Tuesday, January 07, 2014

Multiple masters : attraction to the stars

In the last 10 years I have worked a lot with replication systems, and I have developed a keen interest in the topic of multiple masters in a single cluster. My interest has a two distinct origins:

  • On one hand, I have interacted countless times with users who want to use a replication system as a drop-in replacement for a single server. In many cases, especially when users are dealing with applications that are not much flexible or modular, this means that the replication system must have several points of data entry, and such points must work independently and in symbiosis with the rest of the nodes.
  • On the other hand, I am a technology lover (look it up in the dictionary: it is spelled geek), and as such I get my curiosity stirred whenever I discover a new possibility of implementing multi-master systems.

The double nature of this professional curiosity makes me sometimes forget that the ultimate goal of technology is to improve the users life. I may fall in love with a cute design or a clever implementation of an idea, but that cleverness must eventually meet with usability, or else it loses its appeal. There are areas where the distinction between usefulness and cleverness is clear cut. And there are others where we really don’t know where we stand because there are so many variables involved.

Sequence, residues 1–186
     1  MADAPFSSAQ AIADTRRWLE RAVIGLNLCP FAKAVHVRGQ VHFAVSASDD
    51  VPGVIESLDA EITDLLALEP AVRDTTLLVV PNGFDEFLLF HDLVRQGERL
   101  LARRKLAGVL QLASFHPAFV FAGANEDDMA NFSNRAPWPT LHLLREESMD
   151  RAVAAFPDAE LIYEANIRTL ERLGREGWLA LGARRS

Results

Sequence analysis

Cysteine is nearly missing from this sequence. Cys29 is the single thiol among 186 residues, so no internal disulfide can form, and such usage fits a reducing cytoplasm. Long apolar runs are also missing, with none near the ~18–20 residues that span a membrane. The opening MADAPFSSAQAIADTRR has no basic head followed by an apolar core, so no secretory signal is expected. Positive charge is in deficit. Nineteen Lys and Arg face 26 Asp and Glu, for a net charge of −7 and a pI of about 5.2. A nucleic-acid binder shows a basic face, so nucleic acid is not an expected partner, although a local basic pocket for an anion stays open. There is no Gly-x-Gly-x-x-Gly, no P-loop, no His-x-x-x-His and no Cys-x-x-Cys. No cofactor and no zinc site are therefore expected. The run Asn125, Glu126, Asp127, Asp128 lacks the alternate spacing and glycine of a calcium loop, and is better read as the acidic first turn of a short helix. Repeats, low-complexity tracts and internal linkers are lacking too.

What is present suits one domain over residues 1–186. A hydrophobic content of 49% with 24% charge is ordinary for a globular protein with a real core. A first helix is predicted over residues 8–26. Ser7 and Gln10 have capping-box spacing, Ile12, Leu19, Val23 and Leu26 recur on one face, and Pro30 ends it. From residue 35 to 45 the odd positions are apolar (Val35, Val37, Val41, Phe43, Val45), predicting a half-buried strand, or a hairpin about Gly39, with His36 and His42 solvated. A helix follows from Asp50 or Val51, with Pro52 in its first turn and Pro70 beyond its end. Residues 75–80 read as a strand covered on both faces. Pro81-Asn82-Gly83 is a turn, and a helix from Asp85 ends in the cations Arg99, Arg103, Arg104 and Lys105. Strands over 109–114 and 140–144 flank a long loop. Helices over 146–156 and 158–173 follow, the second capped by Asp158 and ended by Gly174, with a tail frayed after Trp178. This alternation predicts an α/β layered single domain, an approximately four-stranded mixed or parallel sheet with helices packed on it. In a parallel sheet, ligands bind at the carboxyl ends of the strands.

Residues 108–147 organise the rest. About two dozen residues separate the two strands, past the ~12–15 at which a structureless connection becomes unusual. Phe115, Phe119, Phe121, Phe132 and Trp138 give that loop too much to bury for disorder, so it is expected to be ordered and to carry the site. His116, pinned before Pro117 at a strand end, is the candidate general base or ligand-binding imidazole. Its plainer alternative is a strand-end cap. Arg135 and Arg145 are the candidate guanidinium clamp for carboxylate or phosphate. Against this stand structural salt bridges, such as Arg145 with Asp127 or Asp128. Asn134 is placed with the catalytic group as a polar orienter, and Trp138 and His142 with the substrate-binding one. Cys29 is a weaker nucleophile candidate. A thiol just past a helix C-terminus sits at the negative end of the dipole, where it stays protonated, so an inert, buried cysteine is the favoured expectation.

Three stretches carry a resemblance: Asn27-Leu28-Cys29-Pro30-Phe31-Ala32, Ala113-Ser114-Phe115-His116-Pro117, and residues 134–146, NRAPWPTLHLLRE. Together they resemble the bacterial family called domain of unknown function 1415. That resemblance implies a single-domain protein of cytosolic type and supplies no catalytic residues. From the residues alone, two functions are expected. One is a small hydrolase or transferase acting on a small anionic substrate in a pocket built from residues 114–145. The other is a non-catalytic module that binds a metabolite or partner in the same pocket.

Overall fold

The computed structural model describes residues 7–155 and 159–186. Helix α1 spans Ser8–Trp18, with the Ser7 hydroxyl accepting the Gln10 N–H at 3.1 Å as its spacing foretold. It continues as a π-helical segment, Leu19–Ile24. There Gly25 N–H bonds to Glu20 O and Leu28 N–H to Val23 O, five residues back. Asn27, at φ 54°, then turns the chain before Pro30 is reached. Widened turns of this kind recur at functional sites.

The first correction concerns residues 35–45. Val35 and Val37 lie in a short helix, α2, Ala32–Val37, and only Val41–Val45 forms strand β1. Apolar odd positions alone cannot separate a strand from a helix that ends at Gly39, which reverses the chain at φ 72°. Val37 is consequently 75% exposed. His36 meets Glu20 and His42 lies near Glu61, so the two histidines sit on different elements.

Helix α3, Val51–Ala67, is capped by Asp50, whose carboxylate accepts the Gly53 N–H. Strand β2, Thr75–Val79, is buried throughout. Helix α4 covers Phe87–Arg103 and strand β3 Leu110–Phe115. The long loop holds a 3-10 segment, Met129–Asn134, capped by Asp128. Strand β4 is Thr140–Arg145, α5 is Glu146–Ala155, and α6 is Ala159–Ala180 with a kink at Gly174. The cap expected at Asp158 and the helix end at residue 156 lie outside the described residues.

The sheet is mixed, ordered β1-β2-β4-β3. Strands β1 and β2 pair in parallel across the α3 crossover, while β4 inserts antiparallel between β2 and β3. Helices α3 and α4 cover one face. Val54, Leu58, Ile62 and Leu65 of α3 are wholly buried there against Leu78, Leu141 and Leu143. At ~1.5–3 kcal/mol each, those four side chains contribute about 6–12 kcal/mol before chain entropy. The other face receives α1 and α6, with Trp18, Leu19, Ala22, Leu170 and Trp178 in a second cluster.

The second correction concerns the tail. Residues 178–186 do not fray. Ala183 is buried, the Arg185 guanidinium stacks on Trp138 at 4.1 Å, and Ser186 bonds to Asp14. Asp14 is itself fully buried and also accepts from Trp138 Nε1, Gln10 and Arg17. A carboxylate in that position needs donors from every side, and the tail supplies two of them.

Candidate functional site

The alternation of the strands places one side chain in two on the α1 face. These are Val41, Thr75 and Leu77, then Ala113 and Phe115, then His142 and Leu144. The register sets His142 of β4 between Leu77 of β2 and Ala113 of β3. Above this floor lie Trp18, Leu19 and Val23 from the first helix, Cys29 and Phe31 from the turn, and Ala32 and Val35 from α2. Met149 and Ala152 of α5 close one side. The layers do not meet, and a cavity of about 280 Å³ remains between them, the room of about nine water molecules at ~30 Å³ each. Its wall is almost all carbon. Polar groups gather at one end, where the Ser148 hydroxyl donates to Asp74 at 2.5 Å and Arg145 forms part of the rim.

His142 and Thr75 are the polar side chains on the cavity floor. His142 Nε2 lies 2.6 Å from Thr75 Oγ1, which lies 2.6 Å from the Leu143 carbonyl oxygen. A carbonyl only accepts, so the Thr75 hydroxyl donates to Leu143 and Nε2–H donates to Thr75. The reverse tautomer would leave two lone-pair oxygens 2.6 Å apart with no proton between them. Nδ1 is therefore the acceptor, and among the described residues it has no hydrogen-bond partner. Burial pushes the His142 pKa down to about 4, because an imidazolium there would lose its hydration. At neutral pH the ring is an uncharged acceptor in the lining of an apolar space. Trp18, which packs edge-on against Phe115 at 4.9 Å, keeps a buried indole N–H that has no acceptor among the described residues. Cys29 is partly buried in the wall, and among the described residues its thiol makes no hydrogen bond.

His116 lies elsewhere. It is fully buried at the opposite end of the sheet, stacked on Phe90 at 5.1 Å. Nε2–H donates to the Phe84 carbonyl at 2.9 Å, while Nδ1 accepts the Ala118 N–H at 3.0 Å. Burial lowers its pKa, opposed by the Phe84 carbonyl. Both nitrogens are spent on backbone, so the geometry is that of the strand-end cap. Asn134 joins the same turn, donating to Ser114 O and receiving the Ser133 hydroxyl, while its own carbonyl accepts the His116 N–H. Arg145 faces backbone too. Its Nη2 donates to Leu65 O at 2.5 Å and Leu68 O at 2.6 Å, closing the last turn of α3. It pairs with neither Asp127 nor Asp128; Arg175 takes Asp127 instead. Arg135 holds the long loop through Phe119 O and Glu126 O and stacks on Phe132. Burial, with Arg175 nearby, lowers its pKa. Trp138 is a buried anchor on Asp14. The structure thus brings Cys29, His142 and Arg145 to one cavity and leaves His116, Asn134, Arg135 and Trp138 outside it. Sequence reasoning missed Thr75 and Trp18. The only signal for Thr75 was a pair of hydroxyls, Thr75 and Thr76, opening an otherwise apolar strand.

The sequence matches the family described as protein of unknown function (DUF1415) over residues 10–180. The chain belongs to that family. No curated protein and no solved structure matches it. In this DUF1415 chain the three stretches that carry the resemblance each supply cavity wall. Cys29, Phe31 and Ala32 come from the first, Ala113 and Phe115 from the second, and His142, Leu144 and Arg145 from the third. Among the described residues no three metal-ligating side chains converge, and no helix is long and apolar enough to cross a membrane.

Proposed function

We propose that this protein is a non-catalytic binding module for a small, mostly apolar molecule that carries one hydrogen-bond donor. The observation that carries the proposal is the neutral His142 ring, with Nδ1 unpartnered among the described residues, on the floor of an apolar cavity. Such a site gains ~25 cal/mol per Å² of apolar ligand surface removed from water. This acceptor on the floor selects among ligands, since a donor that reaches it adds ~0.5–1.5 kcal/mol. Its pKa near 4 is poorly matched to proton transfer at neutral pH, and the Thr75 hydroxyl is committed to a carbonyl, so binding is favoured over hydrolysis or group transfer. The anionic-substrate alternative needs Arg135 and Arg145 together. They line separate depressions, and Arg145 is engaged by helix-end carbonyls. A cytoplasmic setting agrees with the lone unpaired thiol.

One of such cases is a star topology, where you have many master nodes, which are connected to each other through a hub. You can consider it a bi-directional master/slave. If you take a master/slave topology, and make every node able to replicate back to the master, then you have almost a star. To make it complete, you also need to add the ability of the master of broadcasting the changes received from the outside nodes, so that every node gets the changes from every other node. Compared to other popular topologies, say point-to-point all-masters, and circular replication, the star topology has the distinct advantage of requiring less connections, and of making it very easy to add a new node.